College of American Pathologists
Printable Version



Posted January 27, 2010

Overview Note

The prevalence of diabetes mellitus is increasing and is a major national health care concern. Lifestyle changes may decrease the incidence of diabetes in high risk individuals.


The College of American Pathologists recommends that all individuals be screened for diabetes at age 45 and if the blood glucose level is normal, re-screen at least every three years. Patients who are at high risk should consult with their physician and consider more frequent screening and at an earlier age.

Screening frequency should be the result of consultation between a patient and their primary care physician. Optimum treatment of the diabetic patient requires education of the patient and collaboration with the health care provider.

Information Highlights

  • Diabetes is a group of diseases marked by high levels of blood glucose resulting from decreased insulin production, how the body uses insulin, or both.
  • Pre-diabetes is a condition in which individuals have blood glucose levels higher than normal but not high enough to be classified as diabetes.
  • There are 23.6 million children and adults in the United States, 7.8% of the population, who have diabetes.
  • While an estimated 17.9 million people have been diagnosed with diabetes, 5.7 million people (or nearly one quarter) do not know that they have the disease.
  • The total annual economic cost of diabetes in 2007 was estimated to be $174 billion.
  • While diabetes was the seventh leading cause of death listed on U.S. death certificates in 2006, diabetes is often underreported as a cause of death.
  • Overall, the risk for death among people with diabetes is about twice that of people without diabetes of similar age.
  • Diabetes is sub-classified into two major types; type 1 diabetes and type 2 diabetes.
    • Type 1, which is most often diagnosed in children. In type 1 diabetes there is a lack of production of insulin by the pancreas.
    • Type 2, which is the most common form of diabetes and is usually diagnosed in adults. In type 2 diabetes the pancreas produces insulin; however, the body does not respond to the insulin in an appropriate manner and insulin resistance develops.
  • Another form of diabetes is gestational diabetes, which occurs in pregnant women.
  • Patients with diabetes are at increased risk for a heart attack, stroke and atherosclerosis. Atherosclerosis is also commonly known as hardening of the arteries, blockage of the blood vessels, and blood vessel damage.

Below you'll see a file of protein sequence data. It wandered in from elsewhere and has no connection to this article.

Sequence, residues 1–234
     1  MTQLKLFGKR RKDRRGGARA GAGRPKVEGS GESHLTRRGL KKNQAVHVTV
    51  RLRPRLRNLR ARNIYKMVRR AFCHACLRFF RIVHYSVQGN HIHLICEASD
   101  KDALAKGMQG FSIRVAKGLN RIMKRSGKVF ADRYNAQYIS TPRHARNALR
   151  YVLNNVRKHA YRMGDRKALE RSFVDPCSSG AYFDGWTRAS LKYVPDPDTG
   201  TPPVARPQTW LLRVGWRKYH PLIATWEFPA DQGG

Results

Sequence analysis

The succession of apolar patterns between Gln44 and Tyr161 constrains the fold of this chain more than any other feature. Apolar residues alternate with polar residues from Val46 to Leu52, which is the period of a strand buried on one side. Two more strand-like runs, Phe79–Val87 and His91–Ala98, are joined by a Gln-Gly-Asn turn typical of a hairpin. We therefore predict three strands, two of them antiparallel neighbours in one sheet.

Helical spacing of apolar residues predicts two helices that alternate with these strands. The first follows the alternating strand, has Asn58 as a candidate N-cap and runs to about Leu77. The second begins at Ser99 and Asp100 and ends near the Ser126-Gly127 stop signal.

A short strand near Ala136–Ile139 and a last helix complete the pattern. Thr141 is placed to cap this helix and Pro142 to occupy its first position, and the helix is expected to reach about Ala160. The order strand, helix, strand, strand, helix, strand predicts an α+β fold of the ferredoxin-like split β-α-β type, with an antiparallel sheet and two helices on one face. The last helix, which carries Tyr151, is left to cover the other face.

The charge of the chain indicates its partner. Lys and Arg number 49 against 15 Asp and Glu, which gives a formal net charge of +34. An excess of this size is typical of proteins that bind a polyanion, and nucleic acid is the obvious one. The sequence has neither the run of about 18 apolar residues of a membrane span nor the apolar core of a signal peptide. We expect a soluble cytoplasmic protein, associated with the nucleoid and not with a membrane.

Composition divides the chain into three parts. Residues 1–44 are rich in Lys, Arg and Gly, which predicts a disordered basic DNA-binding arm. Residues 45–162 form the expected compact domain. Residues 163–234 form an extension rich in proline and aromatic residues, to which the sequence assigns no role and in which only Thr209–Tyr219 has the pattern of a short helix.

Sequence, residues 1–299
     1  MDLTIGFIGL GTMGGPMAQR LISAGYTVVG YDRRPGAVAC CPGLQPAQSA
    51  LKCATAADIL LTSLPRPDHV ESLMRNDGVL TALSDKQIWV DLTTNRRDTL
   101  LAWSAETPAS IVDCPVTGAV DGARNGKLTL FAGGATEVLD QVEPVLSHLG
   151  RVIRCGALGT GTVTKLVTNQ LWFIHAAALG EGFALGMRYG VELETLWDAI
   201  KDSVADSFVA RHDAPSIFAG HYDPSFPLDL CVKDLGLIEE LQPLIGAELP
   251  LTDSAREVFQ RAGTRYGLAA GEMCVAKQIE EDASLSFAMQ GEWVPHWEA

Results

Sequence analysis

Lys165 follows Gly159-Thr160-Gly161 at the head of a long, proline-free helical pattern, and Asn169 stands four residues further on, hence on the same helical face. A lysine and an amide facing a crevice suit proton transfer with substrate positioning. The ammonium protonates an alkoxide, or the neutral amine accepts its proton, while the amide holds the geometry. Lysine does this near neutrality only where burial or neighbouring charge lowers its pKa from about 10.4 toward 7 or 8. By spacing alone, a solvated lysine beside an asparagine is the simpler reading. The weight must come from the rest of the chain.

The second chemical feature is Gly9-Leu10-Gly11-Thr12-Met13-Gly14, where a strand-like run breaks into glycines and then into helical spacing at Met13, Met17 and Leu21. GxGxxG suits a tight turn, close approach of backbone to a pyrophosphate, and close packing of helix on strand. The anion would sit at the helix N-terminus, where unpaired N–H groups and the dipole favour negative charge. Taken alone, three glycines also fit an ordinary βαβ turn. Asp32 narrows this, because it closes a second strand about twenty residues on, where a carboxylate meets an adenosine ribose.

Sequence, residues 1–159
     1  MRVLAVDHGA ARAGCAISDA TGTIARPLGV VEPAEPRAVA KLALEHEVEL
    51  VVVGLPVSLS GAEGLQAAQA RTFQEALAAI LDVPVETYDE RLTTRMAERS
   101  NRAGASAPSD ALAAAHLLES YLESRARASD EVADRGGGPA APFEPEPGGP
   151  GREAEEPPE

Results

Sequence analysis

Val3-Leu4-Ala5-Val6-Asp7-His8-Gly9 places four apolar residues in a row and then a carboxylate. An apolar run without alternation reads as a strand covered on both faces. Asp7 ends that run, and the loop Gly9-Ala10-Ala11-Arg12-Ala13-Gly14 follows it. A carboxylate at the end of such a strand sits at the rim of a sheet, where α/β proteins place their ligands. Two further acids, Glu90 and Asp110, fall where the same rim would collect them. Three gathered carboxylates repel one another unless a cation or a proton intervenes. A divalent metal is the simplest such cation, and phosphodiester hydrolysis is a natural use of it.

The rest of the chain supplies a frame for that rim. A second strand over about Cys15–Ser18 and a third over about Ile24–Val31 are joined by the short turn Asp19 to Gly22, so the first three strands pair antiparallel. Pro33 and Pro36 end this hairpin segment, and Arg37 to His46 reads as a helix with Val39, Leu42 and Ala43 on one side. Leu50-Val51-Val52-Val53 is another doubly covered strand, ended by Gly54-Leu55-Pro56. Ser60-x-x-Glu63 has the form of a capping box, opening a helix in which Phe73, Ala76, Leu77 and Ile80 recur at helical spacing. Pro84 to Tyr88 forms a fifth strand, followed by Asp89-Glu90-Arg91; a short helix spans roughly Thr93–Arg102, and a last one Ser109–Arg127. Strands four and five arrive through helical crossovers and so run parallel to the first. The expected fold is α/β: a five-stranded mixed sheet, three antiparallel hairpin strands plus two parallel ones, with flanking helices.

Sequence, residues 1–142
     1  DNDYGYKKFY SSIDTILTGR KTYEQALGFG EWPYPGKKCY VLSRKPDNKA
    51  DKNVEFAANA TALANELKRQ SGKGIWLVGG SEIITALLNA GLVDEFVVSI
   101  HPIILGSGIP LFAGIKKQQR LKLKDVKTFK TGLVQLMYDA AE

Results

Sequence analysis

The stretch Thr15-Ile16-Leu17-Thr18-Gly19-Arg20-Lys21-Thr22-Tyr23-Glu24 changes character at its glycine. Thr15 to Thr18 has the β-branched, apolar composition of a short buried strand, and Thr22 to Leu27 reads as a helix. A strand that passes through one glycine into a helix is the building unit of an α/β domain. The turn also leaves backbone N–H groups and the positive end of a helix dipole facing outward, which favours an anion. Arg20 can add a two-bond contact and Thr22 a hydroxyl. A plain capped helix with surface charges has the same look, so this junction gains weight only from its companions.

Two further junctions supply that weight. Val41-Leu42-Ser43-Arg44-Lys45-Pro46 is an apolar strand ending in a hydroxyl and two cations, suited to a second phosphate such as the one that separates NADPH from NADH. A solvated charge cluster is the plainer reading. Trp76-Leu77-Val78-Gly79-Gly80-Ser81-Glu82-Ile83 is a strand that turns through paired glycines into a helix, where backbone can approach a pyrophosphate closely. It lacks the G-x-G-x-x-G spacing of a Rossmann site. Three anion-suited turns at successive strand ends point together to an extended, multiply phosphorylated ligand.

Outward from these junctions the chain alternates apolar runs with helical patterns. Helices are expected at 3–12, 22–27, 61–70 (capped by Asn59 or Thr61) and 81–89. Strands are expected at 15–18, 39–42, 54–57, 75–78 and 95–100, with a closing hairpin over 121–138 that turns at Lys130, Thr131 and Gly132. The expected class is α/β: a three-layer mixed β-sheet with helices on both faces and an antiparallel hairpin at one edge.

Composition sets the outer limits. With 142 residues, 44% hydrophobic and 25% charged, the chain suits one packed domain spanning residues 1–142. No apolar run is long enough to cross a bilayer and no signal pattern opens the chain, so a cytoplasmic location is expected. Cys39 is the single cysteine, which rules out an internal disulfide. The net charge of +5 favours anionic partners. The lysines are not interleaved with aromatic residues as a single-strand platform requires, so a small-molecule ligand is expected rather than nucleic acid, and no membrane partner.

• Diabetes affects many organ systems in the body. Undiagnosed diabetes can cause damage to the nerves, heart, eyes and kidneys. In addition, people with diabetes have a harder time fighting infections.

Risk Factors:

  • Being overweight is a major risk factor for type 2 diabetes. However, this means that you can reduce your risk by maintaining an appropriate weight and exercising regularly.
  • Having a family background of African American, Alaskan Native, American Indian, or Asian American puts you at greater risk for developing adult onset or type 2 diabetes.
  • Other risk factors for diabetes are obesity, a family history, gestational diabetes during a pregnancy, and being over the age of 65.

Screening for Diabetes

  • To determine if a patient has pre-diabetes or diabetes, health care providers can conduct a Fasting Plasma Glucose Test (FPG) or an Oral Glucose Tolerance Test (OGTT).
  • In patients diagnosed with type 1 diabetes, self-monitoring of blood glucose levels is recommended. In patients with type 2 diabetes, self-monitoring may also be recommended in some cases.

Treatment and Prevention

  • In patients who are diagnosed with pre-diabetes, lifestyle changes, such as losing weight and exercising, may reduce the risk for the development of diabetes.
  • Treatment of diabetes varies depending on the individual patient.
  • Patients with type 1 diabetes require insulin.
  • Oral medications are most commonly used in type 2 diabetes.
  • Home monitoring of blood glucose levels allows proper monitoring of prescribed therapies and alerts the patient and physician to any potential necessary adjustments in therapy.